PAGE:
Budget balance should come from the residual income surtax, which will range from 4% for joint filers and widows making over $100,000 (or singles making over $50,000) to 28% at the $550,000/$275,000 level, with rates going up in 4% increments for each $75,000. If fewer rates are politically expedient, the tax floor could occur at 12% of all income over $200,000 and 28% for income over $475,000. Dividend income, capital gains and distributions from estates would be taxed as normal income – with an ESOP sales exclusion for estate distributions and the retention of the charitable contribution deduction.

    The income surtax would fund any deficits in the VAT or BIT in time of economic downturn, net interest payments, repayment of trust funds, including the Social Security Trust Fund, overseas military, air and marine deployments and naval sea operations.

    If taxes are inadequate, this fund may go into deficit – with the understanding that only this fund will pay back all such borrowing and that only high income taxpayers and their children will be on the hook for this. In reality, they are anyway, since the ability to run a deficit is solely provided by the ability to tax incomes and that taxing lower incomes has a Laffer problem, not because of tax avoidance but because such taxes would retard consumer spending. When this fact is really understood, the resistence to raising adequate revenue will evaporate fairly quickly, if only to save on interest costs.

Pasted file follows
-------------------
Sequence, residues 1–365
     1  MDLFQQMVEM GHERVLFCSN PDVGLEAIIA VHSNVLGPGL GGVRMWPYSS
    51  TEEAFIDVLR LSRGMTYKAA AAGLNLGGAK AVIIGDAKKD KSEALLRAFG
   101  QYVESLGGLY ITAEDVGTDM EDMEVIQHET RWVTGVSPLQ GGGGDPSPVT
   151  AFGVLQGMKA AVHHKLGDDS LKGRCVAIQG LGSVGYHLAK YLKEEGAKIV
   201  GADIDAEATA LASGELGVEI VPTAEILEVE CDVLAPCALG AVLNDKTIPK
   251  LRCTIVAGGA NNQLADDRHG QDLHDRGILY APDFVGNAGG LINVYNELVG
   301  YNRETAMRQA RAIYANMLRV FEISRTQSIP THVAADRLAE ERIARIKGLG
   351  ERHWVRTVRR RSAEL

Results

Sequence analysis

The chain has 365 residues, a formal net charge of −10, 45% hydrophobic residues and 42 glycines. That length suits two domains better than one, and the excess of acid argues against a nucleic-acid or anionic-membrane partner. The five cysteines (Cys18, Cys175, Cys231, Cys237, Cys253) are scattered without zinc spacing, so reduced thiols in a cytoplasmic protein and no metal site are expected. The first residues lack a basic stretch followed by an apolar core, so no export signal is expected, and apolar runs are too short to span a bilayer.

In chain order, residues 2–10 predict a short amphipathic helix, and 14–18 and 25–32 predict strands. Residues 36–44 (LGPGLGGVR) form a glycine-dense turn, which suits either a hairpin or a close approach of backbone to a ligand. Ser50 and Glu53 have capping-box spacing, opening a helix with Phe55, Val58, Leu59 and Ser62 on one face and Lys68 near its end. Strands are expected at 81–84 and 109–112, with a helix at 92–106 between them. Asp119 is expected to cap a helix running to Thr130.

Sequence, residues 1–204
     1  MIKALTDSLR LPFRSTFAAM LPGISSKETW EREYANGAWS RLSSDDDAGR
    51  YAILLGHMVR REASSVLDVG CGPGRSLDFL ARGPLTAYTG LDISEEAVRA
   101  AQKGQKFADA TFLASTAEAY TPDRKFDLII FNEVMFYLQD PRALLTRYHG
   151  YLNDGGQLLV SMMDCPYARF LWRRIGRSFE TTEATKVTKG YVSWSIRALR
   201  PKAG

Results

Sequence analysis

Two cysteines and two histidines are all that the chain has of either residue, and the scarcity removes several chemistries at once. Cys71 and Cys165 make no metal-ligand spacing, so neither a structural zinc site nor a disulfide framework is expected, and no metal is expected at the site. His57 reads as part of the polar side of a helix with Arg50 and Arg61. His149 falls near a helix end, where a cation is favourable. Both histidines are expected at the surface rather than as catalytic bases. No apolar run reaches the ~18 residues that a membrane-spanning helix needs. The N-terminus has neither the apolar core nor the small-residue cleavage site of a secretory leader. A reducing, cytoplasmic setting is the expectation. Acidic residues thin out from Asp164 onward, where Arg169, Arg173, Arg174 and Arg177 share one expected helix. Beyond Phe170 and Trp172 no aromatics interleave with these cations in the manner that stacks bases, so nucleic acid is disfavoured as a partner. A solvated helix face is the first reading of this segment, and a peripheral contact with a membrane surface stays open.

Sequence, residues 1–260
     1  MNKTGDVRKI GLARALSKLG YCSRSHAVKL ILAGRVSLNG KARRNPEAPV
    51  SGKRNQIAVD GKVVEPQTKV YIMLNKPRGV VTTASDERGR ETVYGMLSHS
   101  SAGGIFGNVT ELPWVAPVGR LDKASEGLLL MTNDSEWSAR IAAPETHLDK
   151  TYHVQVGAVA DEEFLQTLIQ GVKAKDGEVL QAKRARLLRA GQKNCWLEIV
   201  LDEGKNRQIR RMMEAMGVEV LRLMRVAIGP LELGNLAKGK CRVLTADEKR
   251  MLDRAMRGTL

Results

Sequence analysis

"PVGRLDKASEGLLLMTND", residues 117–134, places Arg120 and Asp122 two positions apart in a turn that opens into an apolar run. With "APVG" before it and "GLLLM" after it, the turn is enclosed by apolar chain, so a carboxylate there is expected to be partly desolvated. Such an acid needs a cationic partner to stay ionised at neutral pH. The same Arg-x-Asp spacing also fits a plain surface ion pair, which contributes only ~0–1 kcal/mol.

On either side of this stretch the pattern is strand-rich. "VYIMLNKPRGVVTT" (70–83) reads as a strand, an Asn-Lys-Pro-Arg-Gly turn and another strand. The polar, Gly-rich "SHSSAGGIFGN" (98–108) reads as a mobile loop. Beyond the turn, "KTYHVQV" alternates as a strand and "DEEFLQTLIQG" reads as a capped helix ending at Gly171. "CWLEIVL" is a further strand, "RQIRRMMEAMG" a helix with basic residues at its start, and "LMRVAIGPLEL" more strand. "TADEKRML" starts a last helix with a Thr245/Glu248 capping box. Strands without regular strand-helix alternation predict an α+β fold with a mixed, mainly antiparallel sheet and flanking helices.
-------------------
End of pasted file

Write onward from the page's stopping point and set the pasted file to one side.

5. Michael Bindner  ::  4:56 pm on February 3rd, 2011:

    I don’t really agree with that, so all is not the right word.

  6. Tax Reform and the Revenue Problem – Swampland – TIME.com  ::  4:00 pm on February 17th, 2011:

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  10. The Largest Tax Breaks for Individuals – NYTimes.com  ::  2:49 pm on April 13th, 2011:

    […] Largest Tax Breaks for Individuals By DAVID LEONHARDT The economist Eric Toder has pointed out that the largest corporate tax loopholes also happen to be among the most politically popular. They […]

  11. Economix: The Largest Tax Breaks for Individuals  ::  4:15 am on April 14th, 2011:

    […] economist Eric Toder has pointed out that the largest corporate tax loopholes also happen to be among the most politically popular. They […]

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  15. Corporate Taxes and Apple: The Flaw Is in the Law | Wall St. Cheat Sheet  ::  9:38 am on June 1st, 2013: